‘Life Sucks’ at The Ringwald. Or does it?
FERNDALE–This existential push-pull, not unlike our own self-obsessed ennui, is the driving force behind Aaron Posner’s adaptation of Anton Chekhov’s 19th Century Russian play Uncle Vanya. And the many ways in which the Ringwald Theatre production brings to life this seemingly light-hearted statement/question—whose underpinnings are nothing short of pondering the meaning of life— allow us to move through the experiences on stage as if they were our own.
Because they are.
This is the brilliance of a terrific adaptation of a classic piece of literature made exquisitely relevant and meaningful in a contemporary context.
Structured in four acts with a run time of a little more than two hours including intermission, Life Sucks remains remarkably true to Chekhov’s Uncle Vanya in form, character, and themes, but as a brilliant update with witty contemporary language that invites genuine discourse (both internal and external) about the inevitability of existential angst while also offering radical hilarity and cultural as well as self critique.
The actors congregate on stage and break the fourth wall from the jump, informing the audience what the play is actually about: longing and loss. Not getting what we want. How the world is royally screwed up. In the intimate space of The Ringwald, the actors enter and exit through the aisles, and, in a particularly poignant moment, even sit amid the audience—all the while periodically breaking the fourth wall to directly ask the audience questions. Who, among us, wishes we were sleeping with someone else, or wakes up awash in despair, or believes life sucks?
We’re so engaged with the characters, who feel so natural, so real, and who have made us ponder and laugh and have earned our trust with freely expressing their own vulnerabilities, we answer, perhaps some of us, anyway, honestly.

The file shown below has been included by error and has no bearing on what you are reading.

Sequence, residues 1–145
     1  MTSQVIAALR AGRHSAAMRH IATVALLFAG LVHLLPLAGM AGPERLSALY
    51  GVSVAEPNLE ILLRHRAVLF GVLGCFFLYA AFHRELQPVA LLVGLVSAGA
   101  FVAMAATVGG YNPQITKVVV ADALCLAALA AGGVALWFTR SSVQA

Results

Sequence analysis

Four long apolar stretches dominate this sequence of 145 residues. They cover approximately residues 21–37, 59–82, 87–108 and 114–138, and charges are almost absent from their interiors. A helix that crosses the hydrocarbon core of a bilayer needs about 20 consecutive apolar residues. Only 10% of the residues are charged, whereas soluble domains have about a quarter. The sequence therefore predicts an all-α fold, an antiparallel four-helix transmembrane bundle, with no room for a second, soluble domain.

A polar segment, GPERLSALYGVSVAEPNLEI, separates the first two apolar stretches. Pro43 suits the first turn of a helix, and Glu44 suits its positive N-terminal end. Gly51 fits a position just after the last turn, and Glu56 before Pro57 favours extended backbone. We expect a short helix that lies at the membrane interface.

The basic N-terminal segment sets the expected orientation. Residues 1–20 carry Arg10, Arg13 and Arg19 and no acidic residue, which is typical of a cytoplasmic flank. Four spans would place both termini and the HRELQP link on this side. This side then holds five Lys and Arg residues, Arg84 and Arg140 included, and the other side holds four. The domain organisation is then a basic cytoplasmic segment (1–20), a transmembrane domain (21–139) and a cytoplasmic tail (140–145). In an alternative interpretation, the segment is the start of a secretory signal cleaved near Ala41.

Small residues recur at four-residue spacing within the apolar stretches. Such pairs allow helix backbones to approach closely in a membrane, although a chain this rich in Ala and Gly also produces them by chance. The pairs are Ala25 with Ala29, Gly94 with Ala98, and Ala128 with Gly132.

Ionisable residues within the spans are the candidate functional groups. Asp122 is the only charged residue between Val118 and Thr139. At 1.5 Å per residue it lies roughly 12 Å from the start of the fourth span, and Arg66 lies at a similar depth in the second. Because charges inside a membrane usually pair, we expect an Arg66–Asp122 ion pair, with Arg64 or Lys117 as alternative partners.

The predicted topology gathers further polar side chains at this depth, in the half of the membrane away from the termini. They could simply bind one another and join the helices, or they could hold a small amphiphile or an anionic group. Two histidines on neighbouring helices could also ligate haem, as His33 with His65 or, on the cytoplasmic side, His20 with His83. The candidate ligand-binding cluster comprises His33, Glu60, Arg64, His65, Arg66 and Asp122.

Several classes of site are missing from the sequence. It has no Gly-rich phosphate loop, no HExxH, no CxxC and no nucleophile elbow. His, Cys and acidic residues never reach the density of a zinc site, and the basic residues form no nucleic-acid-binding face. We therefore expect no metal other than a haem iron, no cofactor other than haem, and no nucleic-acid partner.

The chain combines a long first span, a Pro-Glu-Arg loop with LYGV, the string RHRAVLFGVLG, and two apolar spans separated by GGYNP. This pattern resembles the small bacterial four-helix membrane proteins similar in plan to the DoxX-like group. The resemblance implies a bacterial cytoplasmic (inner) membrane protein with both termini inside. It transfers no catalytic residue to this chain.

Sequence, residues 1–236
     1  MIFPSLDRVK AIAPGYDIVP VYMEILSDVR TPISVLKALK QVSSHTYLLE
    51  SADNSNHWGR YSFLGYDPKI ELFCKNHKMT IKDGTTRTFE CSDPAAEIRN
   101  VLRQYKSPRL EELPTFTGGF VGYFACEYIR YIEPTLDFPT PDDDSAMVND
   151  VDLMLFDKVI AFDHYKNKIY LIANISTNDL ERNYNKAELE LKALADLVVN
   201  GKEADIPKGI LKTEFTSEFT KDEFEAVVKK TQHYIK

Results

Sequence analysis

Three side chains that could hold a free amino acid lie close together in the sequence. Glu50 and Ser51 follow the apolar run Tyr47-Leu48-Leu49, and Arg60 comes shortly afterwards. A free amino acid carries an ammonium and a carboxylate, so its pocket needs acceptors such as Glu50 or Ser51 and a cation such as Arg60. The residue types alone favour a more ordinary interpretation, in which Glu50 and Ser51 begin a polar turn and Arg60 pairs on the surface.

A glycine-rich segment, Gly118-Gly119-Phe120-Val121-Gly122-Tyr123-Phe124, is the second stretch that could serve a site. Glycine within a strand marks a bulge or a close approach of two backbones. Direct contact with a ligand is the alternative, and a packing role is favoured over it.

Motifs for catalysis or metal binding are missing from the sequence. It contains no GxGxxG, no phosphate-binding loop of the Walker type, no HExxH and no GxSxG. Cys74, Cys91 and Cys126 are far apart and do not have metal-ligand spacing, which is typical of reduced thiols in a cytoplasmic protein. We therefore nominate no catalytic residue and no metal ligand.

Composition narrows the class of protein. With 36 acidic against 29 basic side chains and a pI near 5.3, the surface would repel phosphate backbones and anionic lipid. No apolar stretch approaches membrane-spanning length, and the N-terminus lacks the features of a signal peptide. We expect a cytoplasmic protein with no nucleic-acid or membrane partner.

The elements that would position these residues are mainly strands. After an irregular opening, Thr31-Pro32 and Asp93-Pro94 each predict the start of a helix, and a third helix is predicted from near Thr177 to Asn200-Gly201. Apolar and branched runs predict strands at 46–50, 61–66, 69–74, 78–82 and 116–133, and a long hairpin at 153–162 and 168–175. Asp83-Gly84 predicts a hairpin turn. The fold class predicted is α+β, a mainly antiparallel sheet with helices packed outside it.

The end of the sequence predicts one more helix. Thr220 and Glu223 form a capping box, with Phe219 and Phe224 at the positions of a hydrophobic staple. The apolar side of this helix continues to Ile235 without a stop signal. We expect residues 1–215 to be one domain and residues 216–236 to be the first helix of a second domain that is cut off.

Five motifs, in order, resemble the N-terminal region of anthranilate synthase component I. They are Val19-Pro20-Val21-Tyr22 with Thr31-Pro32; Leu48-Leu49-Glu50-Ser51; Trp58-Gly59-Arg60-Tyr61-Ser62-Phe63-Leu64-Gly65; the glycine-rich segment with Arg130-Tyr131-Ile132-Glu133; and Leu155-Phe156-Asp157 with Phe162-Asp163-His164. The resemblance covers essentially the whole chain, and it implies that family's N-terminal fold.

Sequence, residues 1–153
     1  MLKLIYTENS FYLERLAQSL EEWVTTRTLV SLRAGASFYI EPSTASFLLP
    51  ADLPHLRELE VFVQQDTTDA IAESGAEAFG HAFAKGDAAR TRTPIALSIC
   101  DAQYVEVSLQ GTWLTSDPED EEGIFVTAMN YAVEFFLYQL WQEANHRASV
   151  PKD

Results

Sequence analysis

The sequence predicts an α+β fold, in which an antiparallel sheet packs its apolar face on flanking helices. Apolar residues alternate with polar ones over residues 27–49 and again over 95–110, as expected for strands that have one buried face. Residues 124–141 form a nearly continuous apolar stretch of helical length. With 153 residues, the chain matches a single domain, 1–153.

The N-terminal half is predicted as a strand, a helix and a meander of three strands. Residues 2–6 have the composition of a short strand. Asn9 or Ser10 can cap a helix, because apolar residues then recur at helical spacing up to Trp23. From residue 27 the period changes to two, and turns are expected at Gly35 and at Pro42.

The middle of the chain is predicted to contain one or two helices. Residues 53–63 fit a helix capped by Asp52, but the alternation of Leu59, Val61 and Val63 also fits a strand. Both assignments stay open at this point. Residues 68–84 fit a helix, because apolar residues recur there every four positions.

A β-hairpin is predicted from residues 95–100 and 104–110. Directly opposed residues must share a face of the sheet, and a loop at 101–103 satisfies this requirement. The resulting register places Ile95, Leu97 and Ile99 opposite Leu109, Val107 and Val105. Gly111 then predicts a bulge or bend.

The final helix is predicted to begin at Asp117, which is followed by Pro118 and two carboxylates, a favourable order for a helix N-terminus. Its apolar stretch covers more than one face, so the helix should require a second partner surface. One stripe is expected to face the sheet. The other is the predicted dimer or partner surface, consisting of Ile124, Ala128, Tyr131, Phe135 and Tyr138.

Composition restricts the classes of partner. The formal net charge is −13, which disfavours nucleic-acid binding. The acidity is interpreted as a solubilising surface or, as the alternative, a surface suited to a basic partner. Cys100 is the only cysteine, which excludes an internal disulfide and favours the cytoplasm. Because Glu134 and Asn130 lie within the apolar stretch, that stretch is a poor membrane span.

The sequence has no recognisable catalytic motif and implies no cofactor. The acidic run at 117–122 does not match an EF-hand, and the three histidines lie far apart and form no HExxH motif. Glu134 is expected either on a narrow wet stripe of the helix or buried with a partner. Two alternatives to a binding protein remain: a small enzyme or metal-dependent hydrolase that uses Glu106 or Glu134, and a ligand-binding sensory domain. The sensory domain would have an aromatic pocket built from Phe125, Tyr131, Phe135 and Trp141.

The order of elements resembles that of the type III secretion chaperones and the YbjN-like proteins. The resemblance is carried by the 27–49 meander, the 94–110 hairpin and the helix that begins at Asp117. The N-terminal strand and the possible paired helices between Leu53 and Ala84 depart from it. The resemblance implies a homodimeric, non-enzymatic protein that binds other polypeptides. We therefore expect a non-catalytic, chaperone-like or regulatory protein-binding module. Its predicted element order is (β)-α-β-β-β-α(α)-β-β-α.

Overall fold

That verisimilitude emerges in the tremendous cast under Founding Artistic Director Joe Bailey’s thoughtful direction. Bailey himself plays a powerfully jealous Vanya with the juxtaposition of an undeniably jovial presence. He wants Ella, the gorgeous, young, and brilliant third wife (an expressive and convincing Sydney Lepora) of the painfully pretentious professor (Joel Mitchell), a narcissist and useless semiotician. Everyone, though, wants Ella, including the perpetually vodka-sodden Dr. Aster, an undeniably sexy and magnetic Bryan Lark, who’s irresistible not just to Ella, but also to angst-ridden, self-conscious, hopelessly romantic, homely Sonia, the professor’s daughter and Vanya’s niece captured movingly by Kelly Komlen. The cast of characters is rounded out by wise and irreverent crone Babs, played with depth by Jane MacFarlane, and quirky hand puppet-making and ukulele-strumming lesbian Pickles, played by a heart-tugging Dyan Bailey.
They’re infinitely lovable in their brokenness and infinite ways they create their own suffering—both in their minds and in their actions—as well as the ways they love each other and themselves through their undeniable flaws. Jennifer Maiseloff’s multi-tiered set complete with two seating areas and an upstage bar, and Brandy Joe Plambeck’s not overly complex lighting design allow the actors to move and show up seemingly organically. And because of the intimacy of the space and the inseparability of the action from the audience created in Bailey’s masterful direction, we empathize so deeply as to see ourselves reflected back to us.
And after witnessing all the drama, much of which is rather familiar, in the end we get to decide: does life suck? Or doesn’t it?